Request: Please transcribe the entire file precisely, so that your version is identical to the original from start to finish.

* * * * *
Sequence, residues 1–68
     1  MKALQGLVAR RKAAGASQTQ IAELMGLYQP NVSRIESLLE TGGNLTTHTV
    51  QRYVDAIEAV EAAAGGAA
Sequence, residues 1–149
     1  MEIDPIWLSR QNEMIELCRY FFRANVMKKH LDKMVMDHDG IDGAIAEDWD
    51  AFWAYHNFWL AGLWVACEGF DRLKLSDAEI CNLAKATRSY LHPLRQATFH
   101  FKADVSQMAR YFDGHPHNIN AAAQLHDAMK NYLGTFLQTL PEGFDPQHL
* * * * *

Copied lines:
Sequence, residues 1–68
     1  MKALQGLVAR RKAAGASQTQ IAELMGLYQP NVSRIESLLE TGGNLTTHTV
    51  QRYVDAIEAV EAAAGGAA
Sequence, residues 1–149
     1  MEIDPIWLSR QNEMIELCRY FFRANVMKKH LDKMVMDHDG IDGAIAEDWD
    51  AFWAYHNFWL AGLWVACEGF DRLKLSDAEI CNLAKATRSY LHPLRQATFH
   101  FKADVSQMAR YFDGHPHNIN AAAQLHDAMK NYLGTFLQTL PEGFDPQHL